Impaction Colic in Horses: An Overview and Seasonal Risks

Understanding Impaction Colic

Impaction colic is a common and potentially serious condition in horses, characterised by a blockage in the intestines due to firm, dry masses of feed material. Given the sensitivity of the equine digestive system, understanding and managing this condition is crucial for horse owners.

Key Characteristics:

  • Location: Typically occurs in the large colon, where feed material becomes compacted.
  • Symptoms: Include decreased faecal production, signs of abdominal pain, loss of appetite, and changes in behaviour.
  • Causes: Often linked to dehydration, poor quality or low-fibre diet, dental problems, or reduced physical activity.

Seasonal Risks in Winter

The incidence of impaction can increase in winter due to environmental and management changes:

1. Reduced Water Intake: Horses tend to drink less in colder weather, leading to dehydration and drier faeces [1].

2. Dietary Changes: Hay-based diets in winter can lead to decreased gut motility compared to fresh pasture [2].

3. Reduced Activity: Limited exercise can decrease intestinal motility, increasing the risk of impaction [3].

4. Cold Stress: The need for more energy in cold weather, combined with less efficient digestion, can contribute to digestive issues [4].

Management and Prevention Strategies

1. Hydration: It's essential to encourage horses to drink enough water, possibly by heating water sources or adding salt to their diet.

2. Diet: High-fibre diets with adequate roughage can help maintain gut health. Assess the quality of hay and consider soaking it to increase moisture.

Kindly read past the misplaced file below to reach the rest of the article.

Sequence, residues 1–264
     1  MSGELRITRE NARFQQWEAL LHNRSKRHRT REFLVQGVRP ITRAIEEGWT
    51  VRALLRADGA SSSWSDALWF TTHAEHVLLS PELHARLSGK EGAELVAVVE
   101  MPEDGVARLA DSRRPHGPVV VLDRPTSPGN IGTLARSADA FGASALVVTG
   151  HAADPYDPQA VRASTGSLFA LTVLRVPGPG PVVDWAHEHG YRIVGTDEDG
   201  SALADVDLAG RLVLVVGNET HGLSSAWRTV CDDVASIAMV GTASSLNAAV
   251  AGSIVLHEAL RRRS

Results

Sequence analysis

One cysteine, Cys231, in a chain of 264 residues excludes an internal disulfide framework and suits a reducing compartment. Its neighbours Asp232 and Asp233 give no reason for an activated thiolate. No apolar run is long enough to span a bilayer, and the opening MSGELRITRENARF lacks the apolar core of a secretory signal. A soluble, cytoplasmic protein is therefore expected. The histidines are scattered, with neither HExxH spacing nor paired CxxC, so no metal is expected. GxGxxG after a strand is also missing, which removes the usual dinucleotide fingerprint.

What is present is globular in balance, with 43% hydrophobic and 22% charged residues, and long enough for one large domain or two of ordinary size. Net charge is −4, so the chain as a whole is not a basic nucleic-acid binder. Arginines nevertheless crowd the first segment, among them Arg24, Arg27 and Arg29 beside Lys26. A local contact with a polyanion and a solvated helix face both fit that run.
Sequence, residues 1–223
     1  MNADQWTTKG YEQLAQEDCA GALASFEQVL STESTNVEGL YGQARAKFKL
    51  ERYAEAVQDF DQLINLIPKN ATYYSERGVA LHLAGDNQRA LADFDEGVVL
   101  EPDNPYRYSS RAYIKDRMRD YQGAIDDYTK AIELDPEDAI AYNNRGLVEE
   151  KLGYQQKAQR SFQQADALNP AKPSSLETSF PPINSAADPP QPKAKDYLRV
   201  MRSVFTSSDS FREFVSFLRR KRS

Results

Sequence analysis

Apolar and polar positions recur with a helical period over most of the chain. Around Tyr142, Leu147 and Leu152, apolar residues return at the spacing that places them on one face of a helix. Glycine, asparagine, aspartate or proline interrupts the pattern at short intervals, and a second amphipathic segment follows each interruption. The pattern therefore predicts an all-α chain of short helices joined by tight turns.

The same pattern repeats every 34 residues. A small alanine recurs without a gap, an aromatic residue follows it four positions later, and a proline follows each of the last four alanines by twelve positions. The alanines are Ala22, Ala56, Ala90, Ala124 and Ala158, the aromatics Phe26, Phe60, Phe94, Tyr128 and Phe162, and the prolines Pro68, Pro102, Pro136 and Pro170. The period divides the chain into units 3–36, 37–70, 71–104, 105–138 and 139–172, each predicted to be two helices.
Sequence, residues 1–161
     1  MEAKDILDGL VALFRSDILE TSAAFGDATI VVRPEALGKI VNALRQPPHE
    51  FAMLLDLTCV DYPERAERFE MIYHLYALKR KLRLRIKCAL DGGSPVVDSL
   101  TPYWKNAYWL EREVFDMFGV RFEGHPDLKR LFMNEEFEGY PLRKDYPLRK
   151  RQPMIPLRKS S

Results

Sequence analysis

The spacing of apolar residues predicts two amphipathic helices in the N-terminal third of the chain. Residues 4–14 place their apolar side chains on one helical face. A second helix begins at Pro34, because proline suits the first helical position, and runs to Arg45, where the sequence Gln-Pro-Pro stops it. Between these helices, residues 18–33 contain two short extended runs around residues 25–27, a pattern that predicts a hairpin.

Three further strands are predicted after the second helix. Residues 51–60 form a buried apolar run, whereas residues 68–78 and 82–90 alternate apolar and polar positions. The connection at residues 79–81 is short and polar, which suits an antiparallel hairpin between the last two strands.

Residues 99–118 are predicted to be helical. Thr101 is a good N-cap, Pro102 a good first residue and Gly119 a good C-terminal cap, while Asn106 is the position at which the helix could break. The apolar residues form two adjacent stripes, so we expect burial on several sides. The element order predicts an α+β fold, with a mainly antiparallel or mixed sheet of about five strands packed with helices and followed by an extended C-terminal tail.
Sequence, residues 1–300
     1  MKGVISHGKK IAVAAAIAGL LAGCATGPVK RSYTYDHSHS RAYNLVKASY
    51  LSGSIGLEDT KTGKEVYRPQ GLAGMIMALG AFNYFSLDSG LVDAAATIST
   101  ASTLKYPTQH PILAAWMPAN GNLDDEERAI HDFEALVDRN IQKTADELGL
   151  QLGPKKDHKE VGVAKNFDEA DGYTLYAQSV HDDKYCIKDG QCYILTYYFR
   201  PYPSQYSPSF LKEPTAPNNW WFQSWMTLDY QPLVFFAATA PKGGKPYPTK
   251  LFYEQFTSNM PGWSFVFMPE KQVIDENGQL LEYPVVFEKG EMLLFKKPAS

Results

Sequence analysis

3. Exercise: Regular exercise is key in maintaining digestive function.

4. Dental Care: Routine dental checks ensure horses can chew and digest feed effectively.

5. Monitoring: Keep an eye on horses for any changes in feeding, behaviour, or defecation patterns.

Is EquiNectar useful for my horse in this context?

EquiNectar could be a useful addition to your horse’s diet. By supplying digestive enzymes such as amylase, fructanase, and cellulase, it aids in the efficient breakdown of feed in the small intestine. Furthermore, it helps to stabilise the hindgut microbiome. A well-balanced gut microbiome is essential for overall wellbeing. 


1. Hillyer, M. H., Taylor, F. G. R., & Proudman, C. J. (2002). "Case-control study to identify risk factors for simple colonic obstruction and distension colic in horses." Equine Veterinary Journal, 34(5), 455-463.

2. Tinker, M. K., White, N. A., Lessard, P., Thatcher, C. D., Pelzer, K. D., Davis, B., & Carmel, D. K. (1997). "Prospective study of equine colic risk factors." Equine Veterinary Journal, 29(6), 454-458.

3. Proudman, C. J., Smith, J. E., Edwards, G. B., & Holdstock, N. B. (1998). "Long-term changes in the faecal flora of horses after large colon torsion." Equine Veterinary Journal Supplement, (27), 45-47.

4. Archer, D. C., & Proudman, C. J. (2006). "Epidemiological clues to preventing colic." Veterinary Journal, 172(1), 29–39.